Co-conspiracy and Intimacy

New films by Ja’Tovia Gary, Annabelle Aventurin and Ana Vaz

Xavier Alexandre Pillai

Le roi n’est pas mon cousin (The King is not my Cousin)

Director ANNABELLE AVENTURIN, Year 2022, Country FRANCE

A Árvore (The Tree)

Director ANA VAZ, Year 2022, Country BRAZIL, SPAIN

Quiet as it’s Kept
Director JA’TOVIA GARY, Year 2023, Country USA

In the afterword of The Bluest Eye (1970), Toni Morrison writes:

"My choices of language (speakerly, aural, colloquial), my reliance for full comprehension on codes embedded in black culture, my effort to effect immediate co-conspiracy and intimacy (without any distancing, explanatory fabric), as well as my attempt to shape a silence while breaking it are attempts to transfigure the complexity and wealth of Black-American culture into a language worthy of the culture.”

In Quiet as it’s Kept, artist Ja’Tovia Gary examines the appropriation of these codes and the altered nature of how self-hatred and the desirability of whiteness manifest, skewering our current moment. Extracts from a 1988 interview with Morrison on Mavis on Four, in which the American novelist speaks about the process of writing The Bluest Eye, are woven throughout the film and intercut with TikTok footage by white users who perform a mangled physical stereotype of imagined black personae. Through cawing "okurr", they vocalise digital blackface: a mimicking of black-coded speech, an attempt to recreate memeified online reactions of black people.

In exhibiting these performances, Gary speaks to the messy cultural cache of a specific black culture and the contemporary inversion of 20th-century North American desirability. The rejection of white, middle- and upper-class norms as the de rigueur form of aspirational behaviour is encapsulated by the husky self-referential utterance, “I’m really a ghetto ass white bitch.” The incorporation of extracts from viral clips within the black online world soothes us; @the_bobbie_holliday_experience playfully teases a group of female workers in a KFC in north Philadelphia; @korectiion's Black History Month TikToks reflect solidarity, self-love and community. These clips contrast against the messy navigations of body image in Lil Kim's One World Music Beat interview from 2000 and Thandiwe Newton's online outpouring against colourism through self-castigation.

In The Bluest Eye, an embedded code Morrison alludes to is a form of silence that takes root in the black family unit: "Nobody talked to him; that is, they treated him like the child he was, never engaging him in serious conversation." Filmmaker and archivist Annabelle Aventurin's The King is not my Cousin marks an attempt to break intergenerational silence. The saying that children should be seen and not heard in the Caribbean context has transmuted into practice through the islands, imposing a cloud of silence. The lives and experiences of elders remain uncommunicated due to this cultural norm. This silence goes hand in hand with the reality of postcolonial societies, where communities have been caught in the global churn of migratory patterns in search of education and opportunities stripped from their home nations. Aventurin's film reflects this experience through discussions of her family history, capturing a fragmentation that is an unexamined, but shared, experience of families across the Caribbean. Elzea, Aventurin’s grandmother, wrote Karukera Ensoleillée, Guadeloupe Échouée in 1980. It was published on Nouvelles Éditions Africaines (NEA), the pan-African publishing house founded in 1972 by the poet and first president of Senegal, Leopold Senghor. Elzea's words and intimate tales from her time in Dakar reanimate this experience.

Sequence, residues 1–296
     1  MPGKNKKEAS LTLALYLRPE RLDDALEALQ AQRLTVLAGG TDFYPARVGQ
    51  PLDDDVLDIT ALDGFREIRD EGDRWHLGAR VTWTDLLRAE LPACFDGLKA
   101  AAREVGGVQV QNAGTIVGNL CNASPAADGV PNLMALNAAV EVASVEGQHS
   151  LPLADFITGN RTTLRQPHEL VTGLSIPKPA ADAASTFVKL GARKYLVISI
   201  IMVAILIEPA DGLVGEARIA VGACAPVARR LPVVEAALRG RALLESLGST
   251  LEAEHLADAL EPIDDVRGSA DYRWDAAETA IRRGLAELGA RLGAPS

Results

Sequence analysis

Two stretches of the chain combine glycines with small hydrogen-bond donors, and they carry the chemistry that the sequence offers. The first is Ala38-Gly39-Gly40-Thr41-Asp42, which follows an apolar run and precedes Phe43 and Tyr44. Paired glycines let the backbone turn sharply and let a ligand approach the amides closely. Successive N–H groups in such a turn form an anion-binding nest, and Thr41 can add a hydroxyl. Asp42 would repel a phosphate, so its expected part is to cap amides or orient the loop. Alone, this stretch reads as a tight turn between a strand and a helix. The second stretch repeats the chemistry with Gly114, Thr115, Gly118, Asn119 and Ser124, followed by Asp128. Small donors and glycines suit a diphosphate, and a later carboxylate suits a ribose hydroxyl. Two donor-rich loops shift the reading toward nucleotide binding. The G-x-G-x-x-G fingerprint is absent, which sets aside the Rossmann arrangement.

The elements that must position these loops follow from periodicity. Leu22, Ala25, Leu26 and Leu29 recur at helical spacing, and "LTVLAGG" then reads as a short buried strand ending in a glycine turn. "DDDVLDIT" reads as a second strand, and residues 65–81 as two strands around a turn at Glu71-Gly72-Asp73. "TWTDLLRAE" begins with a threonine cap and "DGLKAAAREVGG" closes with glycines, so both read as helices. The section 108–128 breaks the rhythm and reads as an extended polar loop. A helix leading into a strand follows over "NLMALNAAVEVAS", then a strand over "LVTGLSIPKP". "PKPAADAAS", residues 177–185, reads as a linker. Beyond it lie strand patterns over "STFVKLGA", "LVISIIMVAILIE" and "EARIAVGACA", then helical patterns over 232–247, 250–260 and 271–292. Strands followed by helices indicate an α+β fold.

Ana Vaz also interpolates an intimate conversation for her film The Tree. Like in Aventurin’s film, a private recorded conversation breaks a form of silence. Vaz’s father, Guilherme Vaz, was a well-known musical polymath and multimedia artist who was classically trained, composed music for films, and wrote about the relationship between music and language. After his passing, his reputation subsumes who he is; in a sense, his being is silenced by the work he leaves behind. The recorded conversation reconstitutes the artist’s relationship with her father. This film serves to preserve a connection to his identity and documents his love for Rondônia.

Curious about the interrelationships between culture and music, Guilherme Vaz lived in Rondônia for eight years with the Gavião people, learning to understand the relationship between time, rituals and indigenous musicality alongside local practitioners. Inspired by his time there, he created compositions integrating the time signatures of classical and indigenous music. Learning to understand Gavião customs, codes and cultural practices shaped his life so profoundly that in his final years, returning there was a core desire.

These three films interrelate, exploring cultural codes' effects on shaping our lives – how we are perceived, our interrelationships, and our most intimate moments and reflections.

Xavier Alexandre Pillai is television curator at the BFI, a freelance film programmer and a trustee at LUX Moving Image. He can be found online @xavi____a.

This text was commissioned by Open City Documentary Festival to accompany the screening of Le roi n’est pas mon cousin (The King is not my Cousin), A Árvore (The Tree) and Quiet as it’s Kept at Close-Up Film Centre, 11 September 2023.